April 20, 1992 |
The lingering recession has created a "quiet crisis" in the performing arts that is prompting the Orange County Performing Arts Center to cut the number of events it presents by at least 20% and scale back its budget slightly for 1992, center officials announced late last week. The economic slump has caused arts organizations nationwide to cancel tours, postpone or scotch new works or fold entirely, thereby diminishing the range and number of productions available, center president Thomas R.
January 3, 1992 |
It was a coup for a rising young orchestra: the Southern California premiere of a major new work, John Corigliano's First Symphony. "I'm extremely proud that we did it," said Louis G. Spisto, executive director of the Pacific Symphony, which performed the work at two subscription concerts in December. "It is important for an orchestra to do these things." But Spisto says the Pacific's ability to pull off such events is beginning to suffer under the nation's deepening recession.
October 28, 1992
The Cultural Affairs Commission has approved eight arts grants for 1992-93 that were appealed for technical reasons. The grants totaled $70,000 and ranged from $15,000 to the California Traditional Music Society (to produce the 13th annual Summer Solstice Folk Music & Dance Festival) to $5,000 each for the California West Coast and New Art Assn. (toward publication of the New Art Examiner) and the Los Angeles Solo Repertory Orchestra (for projects with students and senior citizens).
September 5, 1992 |
Orange County arts groups stand to receive nearly 30% less California Arts Council money than last year, partly because of state budget cuts and partly because some organizations have deteriorated in the eyes of the council. According to figures released Friday, CAC advisory panels are recommending 14 local groups for a total of $202,838 this year, down from $285,409 in 1991-92.
CALIFORNIA | LOCAL
August 6, 1993 |
A proposal to cut off city funding of cultural activities was rejected this week on a 3-2 vote of the City Council. Councilman Robert F. Dinsen had sought a one-year moratorium on fees that the city imposes on developers to help finance cultural activities. He said the fees should be relaxed to help attract businesses. "We have quite a few chunks of vacant land, and we should ease things on developers and get something done," Dinsen said. Councilman Bruce A.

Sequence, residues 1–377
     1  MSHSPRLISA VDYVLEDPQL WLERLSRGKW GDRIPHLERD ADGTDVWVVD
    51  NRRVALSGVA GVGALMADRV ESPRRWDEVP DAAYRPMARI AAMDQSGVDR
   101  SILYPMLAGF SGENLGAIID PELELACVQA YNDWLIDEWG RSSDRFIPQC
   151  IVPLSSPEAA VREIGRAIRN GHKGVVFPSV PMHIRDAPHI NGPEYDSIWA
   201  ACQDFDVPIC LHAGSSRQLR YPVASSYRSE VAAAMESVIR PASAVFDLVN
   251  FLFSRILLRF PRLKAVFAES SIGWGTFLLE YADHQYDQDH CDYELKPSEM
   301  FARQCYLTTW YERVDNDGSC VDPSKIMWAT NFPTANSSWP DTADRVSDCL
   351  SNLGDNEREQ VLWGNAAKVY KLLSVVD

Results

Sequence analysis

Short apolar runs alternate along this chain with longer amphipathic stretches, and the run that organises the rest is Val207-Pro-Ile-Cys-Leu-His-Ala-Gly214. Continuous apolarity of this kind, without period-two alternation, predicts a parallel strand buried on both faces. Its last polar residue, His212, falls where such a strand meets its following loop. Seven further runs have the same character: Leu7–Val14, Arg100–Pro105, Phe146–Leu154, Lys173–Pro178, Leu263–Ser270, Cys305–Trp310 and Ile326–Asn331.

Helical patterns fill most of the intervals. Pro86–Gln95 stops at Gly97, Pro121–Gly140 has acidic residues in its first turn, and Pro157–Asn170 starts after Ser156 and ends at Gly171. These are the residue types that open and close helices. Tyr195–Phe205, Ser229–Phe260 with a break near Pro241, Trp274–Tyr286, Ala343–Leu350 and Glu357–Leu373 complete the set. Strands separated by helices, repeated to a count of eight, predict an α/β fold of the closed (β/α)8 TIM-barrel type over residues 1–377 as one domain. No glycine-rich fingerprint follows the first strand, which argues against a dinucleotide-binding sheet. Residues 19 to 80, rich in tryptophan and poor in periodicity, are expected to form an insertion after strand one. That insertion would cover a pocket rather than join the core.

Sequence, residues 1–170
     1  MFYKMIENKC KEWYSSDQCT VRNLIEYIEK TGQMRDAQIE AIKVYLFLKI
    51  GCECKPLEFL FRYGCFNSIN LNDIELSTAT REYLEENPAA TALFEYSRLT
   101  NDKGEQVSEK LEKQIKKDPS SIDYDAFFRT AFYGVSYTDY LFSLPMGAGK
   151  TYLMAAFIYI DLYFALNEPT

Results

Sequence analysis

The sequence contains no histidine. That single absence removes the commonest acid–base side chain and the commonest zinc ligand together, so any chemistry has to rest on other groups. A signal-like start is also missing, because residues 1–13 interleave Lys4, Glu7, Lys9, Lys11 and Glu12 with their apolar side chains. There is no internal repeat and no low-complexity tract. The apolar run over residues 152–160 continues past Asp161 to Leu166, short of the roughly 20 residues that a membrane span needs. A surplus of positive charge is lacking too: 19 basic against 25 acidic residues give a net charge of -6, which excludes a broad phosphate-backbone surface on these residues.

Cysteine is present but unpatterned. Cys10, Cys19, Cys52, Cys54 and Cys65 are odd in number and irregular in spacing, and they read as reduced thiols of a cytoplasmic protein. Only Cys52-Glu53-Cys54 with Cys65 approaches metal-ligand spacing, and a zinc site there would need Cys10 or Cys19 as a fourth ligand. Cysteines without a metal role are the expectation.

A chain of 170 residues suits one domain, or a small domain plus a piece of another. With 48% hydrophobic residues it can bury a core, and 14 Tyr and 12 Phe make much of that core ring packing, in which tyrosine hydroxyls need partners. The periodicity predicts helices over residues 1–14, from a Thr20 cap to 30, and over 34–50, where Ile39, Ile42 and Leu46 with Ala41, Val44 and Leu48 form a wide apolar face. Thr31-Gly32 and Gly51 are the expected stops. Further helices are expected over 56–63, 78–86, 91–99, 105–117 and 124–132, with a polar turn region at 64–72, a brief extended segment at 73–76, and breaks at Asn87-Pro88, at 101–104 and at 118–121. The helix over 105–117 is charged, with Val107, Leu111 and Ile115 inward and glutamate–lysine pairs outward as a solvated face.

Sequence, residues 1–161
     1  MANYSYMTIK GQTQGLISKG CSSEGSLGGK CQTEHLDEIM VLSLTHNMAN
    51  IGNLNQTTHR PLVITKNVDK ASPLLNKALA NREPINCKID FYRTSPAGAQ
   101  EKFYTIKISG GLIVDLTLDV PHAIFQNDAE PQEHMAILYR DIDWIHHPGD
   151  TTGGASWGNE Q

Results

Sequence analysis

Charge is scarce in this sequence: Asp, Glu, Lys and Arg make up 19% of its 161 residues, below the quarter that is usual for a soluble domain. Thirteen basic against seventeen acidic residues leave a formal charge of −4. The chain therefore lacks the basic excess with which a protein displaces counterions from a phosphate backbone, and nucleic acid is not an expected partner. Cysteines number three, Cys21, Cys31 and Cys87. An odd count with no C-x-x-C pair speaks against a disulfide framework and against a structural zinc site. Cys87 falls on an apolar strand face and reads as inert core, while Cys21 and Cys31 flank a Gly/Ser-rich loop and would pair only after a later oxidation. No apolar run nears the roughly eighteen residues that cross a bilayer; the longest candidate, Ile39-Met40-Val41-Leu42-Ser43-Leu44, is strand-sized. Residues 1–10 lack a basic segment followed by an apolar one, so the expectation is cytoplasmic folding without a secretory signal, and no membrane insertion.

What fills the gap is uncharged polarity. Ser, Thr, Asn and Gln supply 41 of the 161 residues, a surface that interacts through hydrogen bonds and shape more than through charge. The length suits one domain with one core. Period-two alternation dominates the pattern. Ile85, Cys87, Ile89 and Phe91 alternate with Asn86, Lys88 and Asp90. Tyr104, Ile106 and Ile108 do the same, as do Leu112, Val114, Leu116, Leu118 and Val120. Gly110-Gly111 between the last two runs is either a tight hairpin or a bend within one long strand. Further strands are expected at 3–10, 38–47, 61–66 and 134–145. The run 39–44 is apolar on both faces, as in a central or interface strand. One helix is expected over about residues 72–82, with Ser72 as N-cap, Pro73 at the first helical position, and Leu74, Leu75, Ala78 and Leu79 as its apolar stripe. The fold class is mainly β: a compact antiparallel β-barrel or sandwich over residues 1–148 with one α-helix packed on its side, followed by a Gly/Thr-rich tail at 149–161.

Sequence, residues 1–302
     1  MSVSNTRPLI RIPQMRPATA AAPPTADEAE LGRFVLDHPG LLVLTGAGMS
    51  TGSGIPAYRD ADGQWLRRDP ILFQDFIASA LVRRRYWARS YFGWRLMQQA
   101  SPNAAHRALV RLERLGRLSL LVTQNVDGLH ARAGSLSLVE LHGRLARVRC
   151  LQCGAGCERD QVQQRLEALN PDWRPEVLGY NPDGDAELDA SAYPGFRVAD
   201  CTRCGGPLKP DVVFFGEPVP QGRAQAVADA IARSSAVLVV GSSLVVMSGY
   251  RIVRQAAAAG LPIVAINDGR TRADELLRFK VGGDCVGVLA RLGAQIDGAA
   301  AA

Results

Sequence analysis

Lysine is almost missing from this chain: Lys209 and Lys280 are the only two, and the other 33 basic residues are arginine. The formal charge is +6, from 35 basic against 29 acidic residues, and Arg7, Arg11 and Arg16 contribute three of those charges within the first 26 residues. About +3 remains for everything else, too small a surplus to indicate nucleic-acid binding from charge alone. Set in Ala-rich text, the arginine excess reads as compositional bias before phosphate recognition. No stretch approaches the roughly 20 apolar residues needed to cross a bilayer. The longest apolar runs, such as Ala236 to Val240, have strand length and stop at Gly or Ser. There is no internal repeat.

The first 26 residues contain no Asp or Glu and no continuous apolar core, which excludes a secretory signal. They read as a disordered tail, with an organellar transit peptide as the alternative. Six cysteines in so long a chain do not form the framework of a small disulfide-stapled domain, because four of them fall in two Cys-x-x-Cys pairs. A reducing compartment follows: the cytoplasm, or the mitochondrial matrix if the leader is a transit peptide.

June 17, 1993 |
Despite the cancellation of its 1993 outdoor summer season, GroveShakespeare received a vote of confidence from the City Council even as the last remnants of the Grove's board of trustees decided to seek protection from creditors under federal bankruptcy laws. At the same time, a dissenting council member has charged that the theater company "mishandled" funds awarded by the city in April.
February 23, 1993 |
Facing a decline in the number of touring orchestras, the Orange County Philharmonic Society on Monday announced a scaled-back 1993-94 season at the Performing Arts Center. The new season includes only eight orchestral concerts at the hall. These are in addition to a five-program series recently approved after three weeks of controversy over the center's opposition to the society's plan to bring in such non-orchestral performers as the Chieftains and Les Ballets Africains.
February 25, 1993 |
South Coast Repertory has won $30,000 as its share of more than $400,000in new grants awarded nine U.S. theater companies to develop works for young people and their families. The Costa Mesa troupe is the only California company chosen in the first round in the Lila Wallace-Reader's Digest Fund's New Works for Young Audiences pilot program.
July 3, 1993 |
GroveShakespeare, which canceled its 1993 season and collapsed in all but name last month, has proposed that it continue managing the city-owned Gem Theatre and Festival Amphitheatre. But the proposal makes no provision for the company to produce its own shows, offer rebates to its subscribers or pay its creditors.
January 22, 1993 |
It might not have been a year of diminished expectations, but 1992 was one of diminished results at the Orange County Performing Arts Center. Programming, ticket sales, attendance and fund raising all dropped during the year, but officials nevertheless managed to end up with a surplus of slightly more than half a million dollars. The reason: Expenses were also down, from $19.7 million in 1991 to $17.3 million.